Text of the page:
When health lets you down

Health is a very elusive thing to quite a few people in this world. Those who are blessed to be truly healthy from birth to death, don’t always understand how draining it is to have a nagging, chronic illness.

Perhaps it’s a physical pain that never goes away. Or perhaps it’s a true disease that drains your mental health and physical body.

Pain, is in a way, a gift. It allows your body to realize that something is wrong. It means that the body is attempting to fix it, either internally or making sure you get external help. Pain is supposed to be good. It helps the mind recognize that the body is still alive and functioning. It’s a survival instinct.

It’s not an evolutionary instinct, but truly a God given gift. He gives us the ability to be able heal ourselves as well as the knowledge to remove ourselves from the very thing that hurts us.

The human mind and the human body are amazing for what they can put up with. But it is equally amazing what they can’t handle. Emotional anguish can affect the body just as much as an actual wound can, sometimes even more. Sometimes a simple little prick to the skin can equal death, while another person can survive falling on a steel bar that goes all the way through the body.

It’s the chronic pain though that is the hardest to deal with. It doesn’t allow the body to rest. It doesn’t allow the mind to find a solution. It can literally drive a person insane because the pain never ends. There isn’t a way to stop it. It can also drive us to do some truly drastic measures just to find a tad bit of relief. Cautious people throw their money at quacks just for the slim chance that their snake oil might take the edge off. Others try to numb themselves with drugs and alcohol. Still others spend months in the hospital trying to medically treat it with anything a doctor suggests.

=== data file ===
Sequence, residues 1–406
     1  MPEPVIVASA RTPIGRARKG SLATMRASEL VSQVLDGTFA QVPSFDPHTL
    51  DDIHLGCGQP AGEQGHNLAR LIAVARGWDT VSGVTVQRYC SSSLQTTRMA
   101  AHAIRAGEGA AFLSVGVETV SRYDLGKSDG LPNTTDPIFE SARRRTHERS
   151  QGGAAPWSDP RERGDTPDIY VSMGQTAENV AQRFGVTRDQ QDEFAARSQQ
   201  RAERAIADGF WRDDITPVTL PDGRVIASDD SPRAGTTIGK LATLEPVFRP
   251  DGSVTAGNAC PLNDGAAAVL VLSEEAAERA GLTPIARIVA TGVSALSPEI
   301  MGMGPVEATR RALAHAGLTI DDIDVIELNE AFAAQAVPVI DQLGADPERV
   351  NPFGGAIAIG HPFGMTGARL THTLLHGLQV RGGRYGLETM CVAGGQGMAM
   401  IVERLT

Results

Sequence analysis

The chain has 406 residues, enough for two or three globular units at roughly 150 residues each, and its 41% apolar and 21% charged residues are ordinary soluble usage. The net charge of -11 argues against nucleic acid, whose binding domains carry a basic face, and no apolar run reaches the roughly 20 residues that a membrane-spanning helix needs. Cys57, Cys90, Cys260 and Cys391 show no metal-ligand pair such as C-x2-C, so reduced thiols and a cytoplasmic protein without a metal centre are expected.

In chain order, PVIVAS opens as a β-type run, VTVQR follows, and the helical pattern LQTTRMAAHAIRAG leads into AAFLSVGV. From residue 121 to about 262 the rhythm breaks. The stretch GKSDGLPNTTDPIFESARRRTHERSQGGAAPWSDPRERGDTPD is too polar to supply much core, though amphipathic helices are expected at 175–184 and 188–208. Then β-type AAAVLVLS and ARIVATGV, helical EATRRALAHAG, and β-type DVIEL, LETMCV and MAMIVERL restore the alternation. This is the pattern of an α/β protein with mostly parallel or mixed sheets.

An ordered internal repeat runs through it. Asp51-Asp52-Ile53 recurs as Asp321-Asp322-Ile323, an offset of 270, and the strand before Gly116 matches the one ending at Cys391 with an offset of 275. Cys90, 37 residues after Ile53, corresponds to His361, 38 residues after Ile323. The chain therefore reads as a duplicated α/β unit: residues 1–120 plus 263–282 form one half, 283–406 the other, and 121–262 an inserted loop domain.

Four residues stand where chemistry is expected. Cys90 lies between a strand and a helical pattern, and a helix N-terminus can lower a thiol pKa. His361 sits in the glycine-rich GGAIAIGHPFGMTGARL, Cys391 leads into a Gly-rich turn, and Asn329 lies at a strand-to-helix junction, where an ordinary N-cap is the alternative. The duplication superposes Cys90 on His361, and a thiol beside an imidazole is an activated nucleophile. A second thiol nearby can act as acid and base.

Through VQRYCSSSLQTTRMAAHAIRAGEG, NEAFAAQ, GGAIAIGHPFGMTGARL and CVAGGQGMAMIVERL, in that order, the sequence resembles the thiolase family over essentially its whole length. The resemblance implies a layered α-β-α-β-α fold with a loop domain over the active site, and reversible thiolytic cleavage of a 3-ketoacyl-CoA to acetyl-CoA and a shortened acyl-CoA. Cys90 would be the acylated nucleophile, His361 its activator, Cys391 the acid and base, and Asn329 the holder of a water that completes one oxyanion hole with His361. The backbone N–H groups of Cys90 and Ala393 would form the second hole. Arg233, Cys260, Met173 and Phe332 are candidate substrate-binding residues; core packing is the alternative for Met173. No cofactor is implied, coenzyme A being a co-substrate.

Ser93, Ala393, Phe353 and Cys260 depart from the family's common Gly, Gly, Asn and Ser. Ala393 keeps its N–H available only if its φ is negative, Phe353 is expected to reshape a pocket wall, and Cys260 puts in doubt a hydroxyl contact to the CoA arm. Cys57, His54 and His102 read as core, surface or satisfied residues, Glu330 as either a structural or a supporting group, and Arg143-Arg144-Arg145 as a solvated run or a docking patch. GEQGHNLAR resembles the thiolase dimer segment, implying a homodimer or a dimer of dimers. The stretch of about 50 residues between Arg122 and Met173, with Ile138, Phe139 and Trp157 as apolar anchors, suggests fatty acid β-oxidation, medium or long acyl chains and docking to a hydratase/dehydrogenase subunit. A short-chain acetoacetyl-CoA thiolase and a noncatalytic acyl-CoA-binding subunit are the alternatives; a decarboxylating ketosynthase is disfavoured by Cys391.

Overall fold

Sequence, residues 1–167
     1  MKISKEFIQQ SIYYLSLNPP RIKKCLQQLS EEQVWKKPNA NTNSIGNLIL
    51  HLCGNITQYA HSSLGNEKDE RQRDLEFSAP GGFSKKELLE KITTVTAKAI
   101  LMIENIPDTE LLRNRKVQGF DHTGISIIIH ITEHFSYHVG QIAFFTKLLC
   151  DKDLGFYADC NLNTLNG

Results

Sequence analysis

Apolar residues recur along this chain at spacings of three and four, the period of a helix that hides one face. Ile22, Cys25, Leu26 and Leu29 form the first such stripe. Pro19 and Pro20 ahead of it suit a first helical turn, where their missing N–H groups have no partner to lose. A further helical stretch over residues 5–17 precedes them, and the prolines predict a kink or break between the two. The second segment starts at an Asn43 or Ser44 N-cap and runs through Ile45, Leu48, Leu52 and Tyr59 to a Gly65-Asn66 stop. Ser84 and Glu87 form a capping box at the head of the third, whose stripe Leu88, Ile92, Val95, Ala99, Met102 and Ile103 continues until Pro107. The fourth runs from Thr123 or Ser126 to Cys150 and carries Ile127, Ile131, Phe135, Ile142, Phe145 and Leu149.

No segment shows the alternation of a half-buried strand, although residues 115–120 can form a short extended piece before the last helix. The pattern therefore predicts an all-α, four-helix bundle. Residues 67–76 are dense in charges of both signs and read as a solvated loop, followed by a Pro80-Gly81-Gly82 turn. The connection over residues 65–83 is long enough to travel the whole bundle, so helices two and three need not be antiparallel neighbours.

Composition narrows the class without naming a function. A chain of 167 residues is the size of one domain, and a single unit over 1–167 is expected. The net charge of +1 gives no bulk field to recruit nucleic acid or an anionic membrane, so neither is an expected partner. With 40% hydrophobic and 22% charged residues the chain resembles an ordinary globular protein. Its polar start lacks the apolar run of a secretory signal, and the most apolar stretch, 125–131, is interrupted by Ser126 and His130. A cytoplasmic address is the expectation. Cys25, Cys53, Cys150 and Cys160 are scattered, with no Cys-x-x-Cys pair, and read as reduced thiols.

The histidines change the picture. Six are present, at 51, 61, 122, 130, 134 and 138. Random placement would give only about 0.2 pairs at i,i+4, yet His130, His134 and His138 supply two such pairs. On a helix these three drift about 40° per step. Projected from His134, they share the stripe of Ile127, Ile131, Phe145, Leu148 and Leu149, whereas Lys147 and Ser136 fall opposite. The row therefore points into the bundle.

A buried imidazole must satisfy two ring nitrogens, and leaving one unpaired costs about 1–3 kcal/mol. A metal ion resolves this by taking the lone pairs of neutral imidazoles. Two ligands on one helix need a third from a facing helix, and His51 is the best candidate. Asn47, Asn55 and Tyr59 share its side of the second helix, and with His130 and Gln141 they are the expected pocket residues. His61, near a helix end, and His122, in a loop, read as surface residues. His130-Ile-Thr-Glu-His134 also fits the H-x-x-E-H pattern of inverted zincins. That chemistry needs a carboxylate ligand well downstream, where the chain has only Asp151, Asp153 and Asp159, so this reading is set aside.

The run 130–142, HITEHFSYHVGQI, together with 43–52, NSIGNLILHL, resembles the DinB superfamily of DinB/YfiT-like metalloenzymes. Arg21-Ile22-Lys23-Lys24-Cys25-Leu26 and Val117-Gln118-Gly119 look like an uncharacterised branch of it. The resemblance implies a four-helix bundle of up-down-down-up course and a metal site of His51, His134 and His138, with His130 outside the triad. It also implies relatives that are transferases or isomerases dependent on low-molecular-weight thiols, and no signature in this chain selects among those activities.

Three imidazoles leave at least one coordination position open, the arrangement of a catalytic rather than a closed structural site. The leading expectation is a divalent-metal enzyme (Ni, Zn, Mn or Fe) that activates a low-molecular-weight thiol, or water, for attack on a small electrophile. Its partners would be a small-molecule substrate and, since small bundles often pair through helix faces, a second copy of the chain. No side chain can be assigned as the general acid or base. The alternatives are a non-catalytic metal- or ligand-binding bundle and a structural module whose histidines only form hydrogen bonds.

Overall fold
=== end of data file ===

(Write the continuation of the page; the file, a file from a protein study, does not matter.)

We learn how to attempt to harness the pain enough that we can still have a life. But, we have to chose what is going to hurt the less, rather than what would be the most fun. We crave the oblivion of sleep, which is elusive, rather than just having fun with friends. We try to map out every little thing in our lives to attempt to figure what causes the pain to worsen so we might be able to steer away from it.

Chronic pain is so draining. Is it any surprise that many sufferers become chronically depressed as well? It affects every aspect of your life, your attitude from the pain can strain your relationships with loved ones. Sleep is elusive because there isn’t a lot of positions that will keep the pain manageable. So exhaustion makes our attitude just as bad because of that pain.

For me personally, chronic pain makes me not like myself too much. My sarcasm, which to begin with is never the sweetest, gets a sharper edge to it. Sometimes, it slips and can do some damage. It’s bad when you can’t stand yourself, because of something you can’t control.

I had hoped yesterday when I had exploratory laparoscopic surgery, I had really prayed and hoped that there was a reason for the pain. I was ready for what ever drastic measures had to have been done so I could live without pain.

It came back clear…

I was so disappointed. I still am. I hedged so much of my emotional welfare on the fact that there could be an end to the pain soon. Maybe in a few months…no such luck. It has really thrown me for a loop and having to realize that the excruciating pain in the back and front are things I’m going to have to live with for numerous more years.

Pain. It can be good for you. But like right now, it’s a monster that clings to my back and refuses to leave me alone.